I did cry watching this movie. I think you'd have to have a heart of stone not to cry watching a lad deal with such depressing life circumstances. But the film is so underdeveloped that I left the theater feeling unsatisfied.
The one thing the movie does do and does with great efficiency. The film bashes Christianity. Watching this movie, I had to ask myself, what is going on in England? Why does England hate Christianity so much? Why are Christophobic themes so prominent in English films, from the creepy clergyman Mr. Collins in every new iteration of "Pride and Prejudice" to this film, which opens with a scene of a church crumbling into the earth?
One of the stories the tree tells is about a bad bad bad bad English clergyman, maybe even as bad as Mr. Collins, who is disrespectful to an herbal healer. I mean, come on. The herbal healer gets revenge against the bad clergyman in a really vicious way, and the film celebrates that. To make everything crystal clear, in the animated portion, the clergyman is shown with a giant white cross on his bad bad very bad no good chest.
This film creeped me out. It uses the most poignant of life circumstances to bash Christianity. How exploitative and nasty.
On the plus side: Young actor Lewis MacDougall is beyond spectacular in this role. He gives one of the great child actor performances of all time. This kid, I hope, is going places.
"Patriot's Day" is an efficient little thriller that recreates the
events of April 15, 2013, when the Tsarnaev brothers detonated two
bombs during the Boston Marathon. Mark Wahlberg stars as a police
officer, but there is really no main character in this movie. It is
more of a docudrama, moving from event to event, from one person
affected by the bomb to the next. We are introduced to, and spend a few
minutes with each of the victims, police officers, FBI agents, and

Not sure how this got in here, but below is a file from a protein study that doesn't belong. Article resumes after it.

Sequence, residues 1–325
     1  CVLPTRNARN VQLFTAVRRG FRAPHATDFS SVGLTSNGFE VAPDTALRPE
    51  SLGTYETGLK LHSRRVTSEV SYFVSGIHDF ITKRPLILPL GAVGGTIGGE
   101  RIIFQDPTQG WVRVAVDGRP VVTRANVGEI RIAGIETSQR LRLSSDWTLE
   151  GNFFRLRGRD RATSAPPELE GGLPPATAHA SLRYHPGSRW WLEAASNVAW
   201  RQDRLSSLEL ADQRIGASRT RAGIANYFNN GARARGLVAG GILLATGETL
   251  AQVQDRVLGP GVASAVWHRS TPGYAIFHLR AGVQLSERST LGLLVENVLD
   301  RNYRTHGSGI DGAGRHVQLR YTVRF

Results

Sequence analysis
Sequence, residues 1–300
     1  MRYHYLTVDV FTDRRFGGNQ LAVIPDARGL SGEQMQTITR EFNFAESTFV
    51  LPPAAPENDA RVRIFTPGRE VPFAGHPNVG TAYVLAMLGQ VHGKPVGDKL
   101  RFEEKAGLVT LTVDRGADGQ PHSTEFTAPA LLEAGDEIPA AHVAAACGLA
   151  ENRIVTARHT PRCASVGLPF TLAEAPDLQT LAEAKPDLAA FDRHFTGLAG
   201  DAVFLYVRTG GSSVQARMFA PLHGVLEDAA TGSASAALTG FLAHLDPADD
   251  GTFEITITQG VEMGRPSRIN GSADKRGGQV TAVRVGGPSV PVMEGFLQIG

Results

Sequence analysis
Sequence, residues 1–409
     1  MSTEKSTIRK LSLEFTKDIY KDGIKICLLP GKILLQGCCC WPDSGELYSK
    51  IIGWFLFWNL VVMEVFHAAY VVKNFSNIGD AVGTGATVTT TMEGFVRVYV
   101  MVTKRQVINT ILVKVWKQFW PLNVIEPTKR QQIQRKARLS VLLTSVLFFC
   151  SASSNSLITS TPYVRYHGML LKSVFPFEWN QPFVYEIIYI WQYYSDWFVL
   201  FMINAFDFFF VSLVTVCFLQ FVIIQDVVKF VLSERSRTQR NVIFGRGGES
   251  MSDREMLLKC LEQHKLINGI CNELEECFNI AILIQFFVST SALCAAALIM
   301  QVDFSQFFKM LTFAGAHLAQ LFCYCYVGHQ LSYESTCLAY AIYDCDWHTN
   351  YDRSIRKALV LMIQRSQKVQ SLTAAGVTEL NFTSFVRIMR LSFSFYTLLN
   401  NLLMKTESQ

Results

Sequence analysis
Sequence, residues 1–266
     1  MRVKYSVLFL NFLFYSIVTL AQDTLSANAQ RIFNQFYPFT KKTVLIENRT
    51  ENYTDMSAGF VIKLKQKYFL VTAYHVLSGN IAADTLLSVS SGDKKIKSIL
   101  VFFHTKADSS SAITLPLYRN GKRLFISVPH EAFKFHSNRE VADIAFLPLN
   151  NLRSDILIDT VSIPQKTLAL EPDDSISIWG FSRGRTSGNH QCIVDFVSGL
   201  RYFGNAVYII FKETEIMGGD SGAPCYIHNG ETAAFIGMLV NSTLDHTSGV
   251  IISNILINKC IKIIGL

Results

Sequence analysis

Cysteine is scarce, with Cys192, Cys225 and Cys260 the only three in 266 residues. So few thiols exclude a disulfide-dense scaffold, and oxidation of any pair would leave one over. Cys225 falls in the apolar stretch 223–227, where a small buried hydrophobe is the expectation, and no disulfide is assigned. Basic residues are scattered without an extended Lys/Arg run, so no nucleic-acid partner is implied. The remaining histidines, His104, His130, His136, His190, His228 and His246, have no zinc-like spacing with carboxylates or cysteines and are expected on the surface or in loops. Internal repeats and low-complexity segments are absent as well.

unidentified interrogators. We visit in the Tsarnaev home previous to
the bombing. We watch as the governor ponders the decision to shut the
city down. We watch police go from house to house in Watertown, seeking
It's all very suspenseful and interesting but the film made no lasting impact on me. "Patriot's Day" never takes any of the risks that might propel it into the territory of memorable art. It takes virtually no stand on the many questions this bombing prompts us to ask. The Tsarnaev family were immigrants. They applied for political asylum. They were, for all intents and purposes, Muslim refugees, though they were never given the "refugee" designation.
There is a debate going on around the world right now about what to do about Muslim refugees from war-torn regions, and whether or not taking in Muslim refugees is safe for the receiving country. "Patriot's Day" goes nowhere near this question.
There is also a debate about what to do about terrorists' family members. Noor Salman, the wife of the Orlando terrorist, was arrested on January 16, 2017. What about Katherine Russell, the widow of Tamerlane Tsarnaev? Before the bombing, Russell performed a google search of the rewards Islam offers to the wife of a dead Muslim terrorist. This is mentioned in the film. Russell is shown living in the same tiny apartment with the brothers, where they prepared the bomb. The film implies that she was aware of their plans. She is free and no charges have been brought against her.
The film depicts Russell being interrogated by a woman in a hijab. The suggestion is that America needs good Muslims to fight bad Muslims. In any case, the interrogator gets nothing out of Russell.
In addition to following police officers and other first responders, the film also follows the victims. The viewer is given a brief intro to young lovers whose legs must be amputated. Eight-year-old Catholic schoolboy Martin Richard was the youngest victim. The film does not show him alive. We see, rather, a cloth covering a very small body. We see the cloth rippling in the wind, and a police officer standing guard over the body till investigators can address the corpse without disturbing evidence. In fact the bomb tore Martin's little body apart. The damage was described at the trial. Martin Richard's beautiful face, in a photograph radiating young life, innocence and hope, is shown on screen after the film concludes.